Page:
A section of the Long Island Motor Parkway that exists to some degree today is called Dead Man's Curve in Bethpage. Indicated by the blue hilight in the map at left, it lies west of today's Seaford Oyster Bay Expressway and south of Central Avenue. The road on the western side (i.e. the left) of the map in yellow is Stewart Avenue. The curve began by proceeding east at the south end of North Hermann Avenue, curving north and running parallel to the western side of today's Seaford Oyster Bay Expressway (which wasn't built until much later on). While looking for remnants of the Motor Parkway in the woods in which Dead Man's Curve is located, I met a resident of Hermann Avenue who indicated that the wooded area is often used by teenagers for late night gatherings, some more eventful of others, but nothing that gets out of hand, especially when the local police officers are called. Seeing me taking pictures initially concerned him and he explained that many times he has seen housing developers taking pictures and being told of their desire to develop the property (something the homeowner was not in favor of). Hopefully this would never happen, as if it did, it would probably mean the end of Dead Man's Curve. Here are some relics of what's left of Dead Man's Curve.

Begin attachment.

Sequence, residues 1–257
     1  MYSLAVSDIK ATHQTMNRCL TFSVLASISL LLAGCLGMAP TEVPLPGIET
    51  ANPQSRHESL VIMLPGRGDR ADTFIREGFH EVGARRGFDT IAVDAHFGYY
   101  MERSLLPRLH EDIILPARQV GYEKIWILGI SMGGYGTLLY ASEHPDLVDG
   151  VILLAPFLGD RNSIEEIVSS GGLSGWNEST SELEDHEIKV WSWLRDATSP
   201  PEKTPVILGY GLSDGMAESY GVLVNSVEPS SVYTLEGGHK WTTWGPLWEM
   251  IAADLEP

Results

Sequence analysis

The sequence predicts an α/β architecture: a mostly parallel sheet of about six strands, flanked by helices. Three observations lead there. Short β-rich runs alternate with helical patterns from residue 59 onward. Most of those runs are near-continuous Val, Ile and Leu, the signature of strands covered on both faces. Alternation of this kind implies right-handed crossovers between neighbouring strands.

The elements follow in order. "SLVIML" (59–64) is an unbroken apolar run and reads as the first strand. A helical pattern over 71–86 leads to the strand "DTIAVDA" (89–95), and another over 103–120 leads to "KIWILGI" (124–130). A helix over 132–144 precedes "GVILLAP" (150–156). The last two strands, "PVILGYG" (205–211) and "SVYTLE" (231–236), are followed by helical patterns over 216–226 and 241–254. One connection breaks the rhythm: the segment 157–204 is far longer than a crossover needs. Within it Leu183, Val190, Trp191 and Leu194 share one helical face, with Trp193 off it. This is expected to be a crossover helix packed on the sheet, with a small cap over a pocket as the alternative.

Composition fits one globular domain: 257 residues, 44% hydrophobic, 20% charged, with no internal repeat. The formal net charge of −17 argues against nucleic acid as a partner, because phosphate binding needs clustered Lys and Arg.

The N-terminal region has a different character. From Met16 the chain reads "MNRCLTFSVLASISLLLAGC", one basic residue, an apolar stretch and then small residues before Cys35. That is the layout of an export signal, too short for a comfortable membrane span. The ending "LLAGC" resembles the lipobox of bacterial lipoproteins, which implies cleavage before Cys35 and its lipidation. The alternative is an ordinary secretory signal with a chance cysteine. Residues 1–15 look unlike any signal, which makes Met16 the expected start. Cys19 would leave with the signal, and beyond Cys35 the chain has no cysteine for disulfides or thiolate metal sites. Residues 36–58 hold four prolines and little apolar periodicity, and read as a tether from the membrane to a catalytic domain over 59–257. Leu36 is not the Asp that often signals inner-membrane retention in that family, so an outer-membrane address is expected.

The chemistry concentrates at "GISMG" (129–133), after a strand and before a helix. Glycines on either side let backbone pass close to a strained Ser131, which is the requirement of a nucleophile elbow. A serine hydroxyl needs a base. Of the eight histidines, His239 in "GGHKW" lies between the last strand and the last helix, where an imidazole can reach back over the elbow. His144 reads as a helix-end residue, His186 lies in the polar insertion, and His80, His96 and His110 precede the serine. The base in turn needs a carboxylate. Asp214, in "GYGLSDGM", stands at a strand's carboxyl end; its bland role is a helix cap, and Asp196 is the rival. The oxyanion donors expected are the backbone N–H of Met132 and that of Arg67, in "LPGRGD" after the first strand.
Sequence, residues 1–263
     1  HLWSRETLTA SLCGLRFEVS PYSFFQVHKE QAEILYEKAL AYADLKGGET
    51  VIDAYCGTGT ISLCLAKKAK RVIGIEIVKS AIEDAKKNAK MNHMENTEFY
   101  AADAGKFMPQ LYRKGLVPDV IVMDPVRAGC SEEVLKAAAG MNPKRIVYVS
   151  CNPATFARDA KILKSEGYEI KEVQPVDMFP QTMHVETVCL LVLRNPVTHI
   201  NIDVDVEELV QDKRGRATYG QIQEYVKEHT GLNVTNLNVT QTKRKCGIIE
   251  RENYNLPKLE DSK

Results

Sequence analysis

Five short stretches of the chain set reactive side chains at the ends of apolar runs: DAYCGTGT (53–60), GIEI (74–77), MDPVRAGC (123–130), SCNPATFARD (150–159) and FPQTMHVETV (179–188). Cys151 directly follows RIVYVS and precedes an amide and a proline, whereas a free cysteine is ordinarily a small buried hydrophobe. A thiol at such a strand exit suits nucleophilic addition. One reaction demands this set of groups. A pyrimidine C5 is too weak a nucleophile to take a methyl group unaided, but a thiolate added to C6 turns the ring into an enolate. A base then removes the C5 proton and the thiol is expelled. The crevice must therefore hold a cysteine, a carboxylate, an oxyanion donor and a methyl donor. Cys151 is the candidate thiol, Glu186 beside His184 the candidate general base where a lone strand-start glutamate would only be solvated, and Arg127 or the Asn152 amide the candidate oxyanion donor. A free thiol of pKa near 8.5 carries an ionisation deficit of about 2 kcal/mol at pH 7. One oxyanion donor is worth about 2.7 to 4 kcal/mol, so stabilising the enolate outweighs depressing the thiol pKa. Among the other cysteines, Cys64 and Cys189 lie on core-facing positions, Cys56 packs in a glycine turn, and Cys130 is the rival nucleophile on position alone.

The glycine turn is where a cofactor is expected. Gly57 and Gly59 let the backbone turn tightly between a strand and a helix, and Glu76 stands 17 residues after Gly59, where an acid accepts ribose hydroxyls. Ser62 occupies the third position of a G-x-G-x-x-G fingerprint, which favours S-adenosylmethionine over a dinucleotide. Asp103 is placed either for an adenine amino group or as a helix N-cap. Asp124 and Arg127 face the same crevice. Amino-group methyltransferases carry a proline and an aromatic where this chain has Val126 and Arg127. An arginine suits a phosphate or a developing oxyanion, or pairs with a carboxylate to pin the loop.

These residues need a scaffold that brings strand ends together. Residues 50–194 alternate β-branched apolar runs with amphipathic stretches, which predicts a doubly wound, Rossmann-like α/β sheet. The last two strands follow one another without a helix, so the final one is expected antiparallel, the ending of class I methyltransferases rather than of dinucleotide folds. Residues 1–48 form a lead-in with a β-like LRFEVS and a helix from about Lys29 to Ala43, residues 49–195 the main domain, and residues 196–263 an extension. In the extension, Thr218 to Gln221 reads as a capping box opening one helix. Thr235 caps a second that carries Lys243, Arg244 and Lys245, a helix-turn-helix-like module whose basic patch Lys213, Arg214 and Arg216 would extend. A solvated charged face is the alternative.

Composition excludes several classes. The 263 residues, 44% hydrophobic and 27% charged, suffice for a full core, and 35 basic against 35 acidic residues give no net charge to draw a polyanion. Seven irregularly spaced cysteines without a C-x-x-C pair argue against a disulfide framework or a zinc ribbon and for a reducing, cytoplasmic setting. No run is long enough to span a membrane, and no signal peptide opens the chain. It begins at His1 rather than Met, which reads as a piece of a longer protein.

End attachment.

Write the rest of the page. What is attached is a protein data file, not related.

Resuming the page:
This map is from a 1935 Hagstrom's and shows Dead Man's Curve and two Toll Gates. One gate is west of Deadman's Curve (on the lower left) and the other is after the Parkway passes through what is now Bethpage State Park (labeled Central Park) - on the top right where Bethpage is indicated.